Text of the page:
You also want to make sure not to overload your freezer. Avoid storing more than 2 to 3 pounds of food per cubic foot of freezer capacity so that air can circulate for proper freezing. Leave space between packages so the air can circulate around them.

If you're new to freezing and unsure about the quality of certain foods after you thaw and reheat, try freezing a small amount the first time as a quality test. Label all foods in your freezer with the recipe name, date you made it and date you froze it,  number of servings, thawing and reheating directions, and "use by" date.

How to Prevent Freezer Burn

Freezing and Thawing Vegetables

Freezer burn happens when foods are frozen for a long time or haven't been properly wrapped and sealed. Even though these foods don't pose any health risks, the freezer-burned areas will be dried out and tasteless. If that happens, cut away freezer-burned portions before or after cooking.

To avoid freezer burn, get as much air out as possible when you're wrapping the food for freezing to prevent moisture from getting in. Use moisture- and vapor-resistant packaging that can be sealed tightly. Vacuum-packing in FoodSaver® bags, for example, removes the air and keeps moisture out so food can be frozen longer without freezer burn.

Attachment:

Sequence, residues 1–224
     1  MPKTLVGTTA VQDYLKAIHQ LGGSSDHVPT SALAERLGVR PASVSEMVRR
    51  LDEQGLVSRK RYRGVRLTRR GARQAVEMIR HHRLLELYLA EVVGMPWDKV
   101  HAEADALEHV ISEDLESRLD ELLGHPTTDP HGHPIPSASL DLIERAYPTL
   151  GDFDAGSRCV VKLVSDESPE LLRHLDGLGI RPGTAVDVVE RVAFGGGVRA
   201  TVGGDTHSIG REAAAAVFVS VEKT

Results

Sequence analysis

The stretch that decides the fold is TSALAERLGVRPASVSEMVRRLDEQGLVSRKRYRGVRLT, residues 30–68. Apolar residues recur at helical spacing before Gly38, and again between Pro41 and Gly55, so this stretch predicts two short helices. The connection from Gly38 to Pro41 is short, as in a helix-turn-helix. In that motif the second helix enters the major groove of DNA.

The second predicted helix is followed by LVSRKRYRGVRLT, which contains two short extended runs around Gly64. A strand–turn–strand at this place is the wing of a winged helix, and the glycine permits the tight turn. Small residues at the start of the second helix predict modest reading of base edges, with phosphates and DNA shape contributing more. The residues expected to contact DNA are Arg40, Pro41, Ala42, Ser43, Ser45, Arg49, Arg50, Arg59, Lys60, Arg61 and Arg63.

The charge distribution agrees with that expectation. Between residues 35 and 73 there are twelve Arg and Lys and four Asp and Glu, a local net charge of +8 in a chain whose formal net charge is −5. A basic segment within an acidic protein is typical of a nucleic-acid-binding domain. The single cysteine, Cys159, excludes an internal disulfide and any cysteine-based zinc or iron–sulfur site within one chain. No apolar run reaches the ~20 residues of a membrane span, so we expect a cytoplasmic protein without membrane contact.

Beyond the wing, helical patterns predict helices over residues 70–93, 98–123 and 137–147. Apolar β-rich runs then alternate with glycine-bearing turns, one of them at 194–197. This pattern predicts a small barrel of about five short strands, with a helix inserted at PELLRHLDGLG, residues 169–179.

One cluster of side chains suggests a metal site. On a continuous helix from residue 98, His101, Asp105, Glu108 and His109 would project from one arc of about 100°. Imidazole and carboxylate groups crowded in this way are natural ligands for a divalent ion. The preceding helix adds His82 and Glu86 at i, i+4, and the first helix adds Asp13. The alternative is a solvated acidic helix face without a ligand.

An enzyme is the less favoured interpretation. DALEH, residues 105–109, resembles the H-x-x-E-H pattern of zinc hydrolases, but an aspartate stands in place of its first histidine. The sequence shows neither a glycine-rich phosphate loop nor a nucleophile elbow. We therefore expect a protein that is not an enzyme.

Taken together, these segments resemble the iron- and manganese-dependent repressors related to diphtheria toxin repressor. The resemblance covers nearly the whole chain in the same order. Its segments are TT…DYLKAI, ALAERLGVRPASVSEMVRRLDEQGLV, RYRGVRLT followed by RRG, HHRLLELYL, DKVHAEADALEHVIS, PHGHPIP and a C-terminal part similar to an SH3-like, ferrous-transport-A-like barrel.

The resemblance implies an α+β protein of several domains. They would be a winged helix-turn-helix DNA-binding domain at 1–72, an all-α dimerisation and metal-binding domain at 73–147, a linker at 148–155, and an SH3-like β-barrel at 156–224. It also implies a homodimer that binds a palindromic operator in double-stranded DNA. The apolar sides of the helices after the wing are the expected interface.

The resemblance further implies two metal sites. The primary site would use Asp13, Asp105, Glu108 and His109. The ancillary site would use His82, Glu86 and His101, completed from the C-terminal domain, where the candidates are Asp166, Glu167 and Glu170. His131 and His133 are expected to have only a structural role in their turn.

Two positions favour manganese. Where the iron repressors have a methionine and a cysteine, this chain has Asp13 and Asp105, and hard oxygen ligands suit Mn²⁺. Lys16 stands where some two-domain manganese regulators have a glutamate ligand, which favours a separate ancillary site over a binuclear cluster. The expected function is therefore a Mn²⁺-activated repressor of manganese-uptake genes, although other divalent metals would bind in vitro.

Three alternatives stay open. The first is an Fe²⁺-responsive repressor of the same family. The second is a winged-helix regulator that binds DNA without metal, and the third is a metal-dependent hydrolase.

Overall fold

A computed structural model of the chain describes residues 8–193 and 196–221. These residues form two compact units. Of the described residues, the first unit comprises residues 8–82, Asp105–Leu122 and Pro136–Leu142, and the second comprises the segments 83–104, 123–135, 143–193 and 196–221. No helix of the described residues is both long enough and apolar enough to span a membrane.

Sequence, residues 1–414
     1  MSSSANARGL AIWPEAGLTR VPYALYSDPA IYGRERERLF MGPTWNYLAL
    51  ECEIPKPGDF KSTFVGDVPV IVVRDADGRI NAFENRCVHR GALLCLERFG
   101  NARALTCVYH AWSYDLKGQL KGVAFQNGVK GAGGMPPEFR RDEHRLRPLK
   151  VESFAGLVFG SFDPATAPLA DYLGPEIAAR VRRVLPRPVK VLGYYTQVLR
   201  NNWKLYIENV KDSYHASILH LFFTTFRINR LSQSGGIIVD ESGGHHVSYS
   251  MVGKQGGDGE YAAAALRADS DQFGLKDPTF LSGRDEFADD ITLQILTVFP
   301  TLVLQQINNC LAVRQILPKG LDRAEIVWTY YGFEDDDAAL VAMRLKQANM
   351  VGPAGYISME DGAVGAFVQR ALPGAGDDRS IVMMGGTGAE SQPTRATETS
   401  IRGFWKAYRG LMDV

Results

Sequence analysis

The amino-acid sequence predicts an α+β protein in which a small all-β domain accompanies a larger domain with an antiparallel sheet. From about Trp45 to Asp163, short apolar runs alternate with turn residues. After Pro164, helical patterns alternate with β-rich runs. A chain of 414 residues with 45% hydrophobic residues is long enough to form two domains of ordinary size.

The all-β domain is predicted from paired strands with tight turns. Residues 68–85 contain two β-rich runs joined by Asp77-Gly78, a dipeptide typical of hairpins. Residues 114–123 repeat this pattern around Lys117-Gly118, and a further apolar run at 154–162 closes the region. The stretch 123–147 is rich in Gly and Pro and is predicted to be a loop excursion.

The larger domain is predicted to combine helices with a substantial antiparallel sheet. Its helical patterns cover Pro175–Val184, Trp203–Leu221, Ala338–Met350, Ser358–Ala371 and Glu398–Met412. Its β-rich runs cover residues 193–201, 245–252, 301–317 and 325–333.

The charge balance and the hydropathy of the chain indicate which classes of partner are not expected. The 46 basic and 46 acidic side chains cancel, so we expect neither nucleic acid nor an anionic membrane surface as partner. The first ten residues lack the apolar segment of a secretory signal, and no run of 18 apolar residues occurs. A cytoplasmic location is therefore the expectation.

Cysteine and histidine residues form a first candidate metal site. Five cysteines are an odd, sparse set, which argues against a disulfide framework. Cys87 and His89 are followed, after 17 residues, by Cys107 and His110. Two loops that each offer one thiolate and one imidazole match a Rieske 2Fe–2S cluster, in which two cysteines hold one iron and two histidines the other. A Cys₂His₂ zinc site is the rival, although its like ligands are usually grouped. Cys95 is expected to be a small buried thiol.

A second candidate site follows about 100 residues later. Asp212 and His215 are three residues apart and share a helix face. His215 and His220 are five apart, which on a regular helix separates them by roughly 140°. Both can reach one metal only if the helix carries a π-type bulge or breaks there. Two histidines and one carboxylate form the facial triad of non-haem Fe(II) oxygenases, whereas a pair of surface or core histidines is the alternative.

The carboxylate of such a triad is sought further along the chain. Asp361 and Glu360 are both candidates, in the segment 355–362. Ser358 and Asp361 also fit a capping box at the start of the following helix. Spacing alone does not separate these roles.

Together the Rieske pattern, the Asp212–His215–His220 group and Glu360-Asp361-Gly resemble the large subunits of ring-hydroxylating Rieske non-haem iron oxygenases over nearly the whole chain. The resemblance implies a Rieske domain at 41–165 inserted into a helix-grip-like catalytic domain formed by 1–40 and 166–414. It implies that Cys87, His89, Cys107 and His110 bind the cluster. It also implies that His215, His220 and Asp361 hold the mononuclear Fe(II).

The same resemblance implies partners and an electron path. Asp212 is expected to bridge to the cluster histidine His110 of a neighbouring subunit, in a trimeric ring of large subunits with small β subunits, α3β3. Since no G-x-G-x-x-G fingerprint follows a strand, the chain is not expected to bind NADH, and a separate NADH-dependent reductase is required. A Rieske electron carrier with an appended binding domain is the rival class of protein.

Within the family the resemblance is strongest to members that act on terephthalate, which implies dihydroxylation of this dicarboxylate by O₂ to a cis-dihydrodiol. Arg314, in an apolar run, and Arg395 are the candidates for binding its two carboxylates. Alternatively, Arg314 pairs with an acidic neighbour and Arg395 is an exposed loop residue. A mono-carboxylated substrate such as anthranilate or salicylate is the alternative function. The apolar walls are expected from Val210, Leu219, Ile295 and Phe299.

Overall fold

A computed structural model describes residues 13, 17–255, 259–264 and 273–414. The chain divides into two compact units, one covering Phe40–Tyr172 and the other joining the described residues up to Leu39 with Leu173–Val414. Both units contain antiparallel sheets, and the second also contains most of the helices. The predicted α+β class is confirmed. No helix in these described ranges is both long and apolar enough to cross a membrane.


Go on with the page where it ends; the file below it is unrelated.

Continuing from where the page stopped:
Thawing Food Safely

Thawing food right way is vital to food safety. Precooked foods low in moisture content (breads, cakes, cookies) can be thawed at room temperature, but precooked foods higher in moisture content and/or containing dairy or egg products should be thawed in the refrigerator.

Never defrost perishable foods (meat, poultry, fish/seafood, dairy, eggs) outdoors, in a cold room in the house, or on the kitchen counter. Thaw meat/poultry/seafood and casseroles in the refrigerator for 24 to 48 hours or until completely thawed. You generally want to allow 8 hours per pound of meat, 4 hours per pound of poultry, and 6 hours per pound of fruit or vegetables. Foods thawed in the refrigerator can usually be safely refrozen without changing the taste or quality.

If you're in more of a rush, you can thaw things faster by placing your frozen packages in a watertight, sealed bag and covering them with cold water. Change the water every 30 minutes until the food is completely thawed.

To thaw out food in the microwave, remove the food from any store wrapping (foam trays or plastic wrap) that may release chemicals into food. Thaw on low heat for 6 to 8 minutes per pound of food. Once the food is defrosted, you can reheat it on high heat.

Reheating Frozen Food